Functional neuronal networks reveal emotional processing differences in children with ADHD


Attention Deficit Hyperactivity Disorder (ADHD) is a common neurodevelopmental disorder that, in addition to inattention, excessive activity, or impulsivity, makes it difficult for children to process facial emotions and thus to interact with their peers.

Here we analyze neuronal networks of children with this disorder by means of the phase-locking value (PLV) method. In particular, we determine the level of phase synchronization between 62 EEG channels of 22 healthy boys and 22 boys with ADHD, recorder whilst observing facial emotions of anger, happiness, neutrality, and sadness. We construct neuronal networks based on the gamma sub-band, which according to previous studies, shows the highest response to emotional stimuli.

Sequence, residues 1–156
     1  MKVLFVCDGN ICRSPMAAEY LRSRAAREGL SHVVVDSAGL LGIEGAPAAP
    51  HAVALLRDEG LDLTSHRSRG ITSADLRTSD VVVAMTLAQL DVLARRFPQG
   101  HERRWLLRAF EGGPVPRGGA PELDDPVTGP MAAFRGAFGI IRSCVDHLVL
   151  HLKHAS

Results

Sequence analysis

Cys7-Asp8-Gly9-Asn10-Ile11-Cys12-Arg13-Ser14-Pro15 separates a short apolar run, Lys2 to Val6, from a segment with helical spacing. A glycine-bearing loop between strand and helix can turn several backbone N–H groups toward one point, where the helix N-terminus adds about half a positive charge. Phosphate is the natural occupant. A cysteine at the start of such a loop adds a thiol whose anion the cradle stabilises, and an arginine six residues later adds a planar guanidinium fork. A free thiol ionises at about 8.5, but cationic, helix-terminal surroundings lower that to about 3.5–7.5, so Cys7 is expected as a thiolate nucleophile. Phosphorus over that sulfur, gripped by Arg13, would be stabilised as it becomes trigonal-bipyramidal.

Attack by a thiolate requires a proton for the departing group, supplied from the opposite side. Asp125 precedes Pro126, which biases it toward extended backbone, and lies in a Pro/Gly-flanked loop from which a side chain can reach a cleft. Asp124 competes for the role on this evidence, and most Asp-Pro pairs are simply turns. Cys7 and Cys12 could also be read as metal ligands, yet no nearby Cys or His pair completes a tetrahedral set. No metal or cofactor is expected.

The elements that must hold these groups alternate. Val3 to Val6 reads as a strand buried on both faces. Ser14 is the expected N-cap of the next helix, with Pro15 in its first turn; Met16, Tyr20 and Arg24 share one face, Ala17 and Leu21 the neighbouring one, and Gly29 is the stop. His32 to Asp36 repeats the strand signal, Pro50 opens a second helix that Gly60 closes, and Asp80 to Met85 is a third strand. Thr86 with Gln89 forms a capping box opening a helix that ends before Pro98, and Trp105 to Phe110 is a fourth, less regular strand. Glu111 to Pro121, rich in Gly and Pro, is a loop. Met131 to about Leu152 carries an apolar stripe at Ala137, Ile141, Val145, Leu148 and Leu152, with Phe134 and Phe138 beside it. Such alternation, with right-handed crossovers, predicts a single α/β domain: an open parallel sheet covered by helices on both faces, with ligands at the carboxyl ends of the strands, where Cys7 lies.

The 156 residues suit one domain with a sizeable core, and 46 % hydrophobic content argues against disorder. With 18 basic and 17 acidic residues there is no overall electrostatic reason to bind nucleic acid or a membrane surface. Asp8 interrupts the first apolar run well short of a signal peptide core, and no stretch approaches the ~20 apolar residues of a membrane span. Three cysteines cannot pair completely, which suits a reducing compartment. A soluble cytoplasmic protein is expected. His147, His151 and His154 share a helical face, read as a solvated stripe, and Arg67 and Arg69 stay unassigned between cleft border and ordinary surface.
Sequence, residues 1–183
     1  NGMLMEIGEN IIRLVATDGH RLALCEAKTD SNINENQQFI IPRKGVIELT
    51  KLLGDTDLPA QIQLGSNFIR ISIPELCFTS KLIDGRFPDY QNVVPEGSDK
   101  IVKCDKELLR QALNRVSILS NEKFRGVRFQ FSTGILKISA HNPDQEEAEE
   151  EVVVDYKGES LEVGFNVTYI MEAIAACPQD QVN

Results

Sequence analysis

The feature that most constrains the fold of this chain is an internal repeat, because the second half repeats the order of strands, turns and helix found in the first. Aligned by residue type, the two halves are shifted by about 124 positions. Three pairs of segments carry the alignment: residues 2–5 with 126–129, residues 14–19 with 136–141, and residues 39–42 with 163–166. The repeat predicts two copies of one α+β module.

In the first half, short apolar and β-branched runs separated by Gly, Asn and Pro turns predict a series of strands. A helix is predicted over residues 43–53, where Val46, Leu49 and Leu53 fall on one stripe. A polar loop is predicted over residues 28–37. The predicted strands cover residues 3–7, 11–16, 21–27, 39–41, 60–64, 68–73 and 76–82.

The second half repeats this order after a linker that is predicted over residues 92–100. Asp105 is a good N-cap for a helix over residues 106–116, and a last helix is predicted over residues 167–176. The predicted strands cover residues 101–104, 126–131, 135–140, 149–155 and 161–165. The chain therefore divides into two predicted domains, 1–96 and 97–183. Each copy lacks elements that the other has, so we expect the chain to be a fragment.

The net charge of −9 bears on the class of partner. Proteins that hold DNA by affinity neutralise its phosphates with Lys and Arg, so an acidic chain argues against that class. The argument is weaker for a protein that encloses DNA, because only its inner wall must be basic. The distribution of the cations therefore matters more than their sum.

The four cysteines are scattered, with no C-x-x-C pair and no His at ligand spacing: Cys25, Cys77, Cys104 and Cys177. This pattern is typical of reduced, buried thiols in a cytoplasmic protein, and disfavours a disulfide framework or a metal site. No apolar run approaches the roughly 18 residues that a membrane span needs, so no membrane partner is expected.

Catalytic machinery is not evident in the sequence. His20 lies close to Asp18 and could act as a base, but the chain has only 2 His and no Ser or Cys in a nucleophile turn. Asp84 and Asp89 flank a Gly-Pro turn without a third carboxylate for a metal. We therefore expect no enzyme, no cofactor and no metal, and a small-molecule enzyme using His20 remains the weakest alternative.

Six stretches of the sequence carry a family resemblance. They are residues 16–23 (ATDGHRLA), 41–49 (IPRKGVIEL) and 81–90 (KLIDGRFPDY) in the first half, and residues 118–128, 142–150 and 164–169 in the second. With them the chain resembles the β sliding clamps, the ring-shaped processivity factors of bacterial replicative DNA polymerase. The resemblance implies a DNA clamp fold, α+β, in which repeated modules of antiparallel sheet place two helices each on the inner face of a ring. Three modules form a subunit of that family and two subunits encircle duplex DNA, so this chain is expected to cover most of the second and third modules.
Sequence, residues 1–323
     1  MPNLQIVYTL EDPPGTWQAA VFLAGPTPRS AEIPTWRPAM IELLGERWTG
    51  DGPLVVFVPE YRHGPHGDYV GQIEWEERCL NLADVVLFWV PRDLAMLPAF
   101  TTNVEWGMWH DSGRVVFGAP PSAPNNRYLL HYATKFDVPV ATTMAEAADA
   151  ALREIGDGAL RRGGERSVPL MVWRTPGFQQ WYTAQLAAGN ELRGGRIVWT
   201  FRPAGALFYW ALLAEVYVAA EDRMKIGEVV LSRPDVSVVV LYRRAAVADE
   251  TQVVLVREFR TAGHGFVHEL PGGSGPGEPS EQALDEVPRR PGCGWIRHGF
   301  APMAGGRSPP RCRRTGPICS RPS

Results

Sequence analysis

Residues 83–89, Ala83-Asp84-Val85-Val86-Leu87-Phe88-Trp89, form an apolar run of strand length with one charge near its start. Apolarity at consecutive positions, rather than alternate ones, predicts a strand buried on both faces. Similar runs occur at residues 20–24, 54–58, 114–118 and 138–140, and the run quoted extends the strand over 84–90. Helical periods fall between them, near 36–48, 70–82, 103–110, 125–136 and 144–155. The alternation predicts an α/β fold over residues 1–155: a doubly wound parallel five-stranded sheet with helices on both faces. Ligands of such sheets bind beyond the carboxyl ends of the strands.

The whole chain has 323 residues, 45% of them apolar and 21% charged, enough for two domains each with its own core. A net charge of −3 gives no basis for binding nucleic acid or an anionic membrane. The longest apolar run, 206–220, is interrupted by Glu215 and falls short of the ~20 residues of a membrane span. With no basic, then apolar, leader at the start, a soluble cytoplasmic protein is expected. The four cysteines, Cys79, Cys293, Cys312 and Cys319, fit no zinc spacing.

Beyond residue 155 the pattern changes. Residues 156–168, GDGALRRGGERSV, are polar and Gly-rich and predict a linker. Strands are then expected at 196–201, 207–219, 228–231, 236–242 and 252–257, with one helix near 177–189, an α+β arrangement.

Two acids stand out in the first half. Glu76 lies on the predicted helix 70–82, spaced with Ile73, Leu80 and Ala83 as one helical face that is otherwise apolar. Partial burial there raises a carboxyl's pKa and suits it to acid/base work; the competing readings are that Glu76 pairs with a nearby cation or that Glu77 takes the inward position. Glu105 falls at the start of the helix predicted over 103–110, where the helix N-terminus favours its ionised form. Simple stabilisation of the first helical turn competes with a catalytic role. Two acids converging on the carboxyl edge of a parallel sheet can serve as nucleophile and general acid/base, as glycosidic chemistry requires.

We find that the functional connectivity of the frontal and occipital lobes in the ADHD group is significantly (P-value < 0.01) higher than in the healthy group. More functional connectivity in these lobes shows more phase synchronization between the neurons of these brain regions, representing some problems in the brain emotional processing center in the ADHD group. The shortest path lengths in these lobes are also significantly (P-value < 0.01) higher in the ADHD group than in the healthy group.

This result indicates less efficiency of information transmission and segregation in occipital and frontal lobes of ADHD neuronal networks, responsible for visual and emotional processing in the brain, respectively. We hope that our approach will help obtain further insights into ADHD with methods of network science.

S. Nasab, S. Panahi, F. Ghassemi, S. Jafari, K. Rajagopal, D. Ghosh, M. Perc, Functional neuronal networks reveal emotional processing differences in children with ADHD, Cognitive Neurodynamics (2021)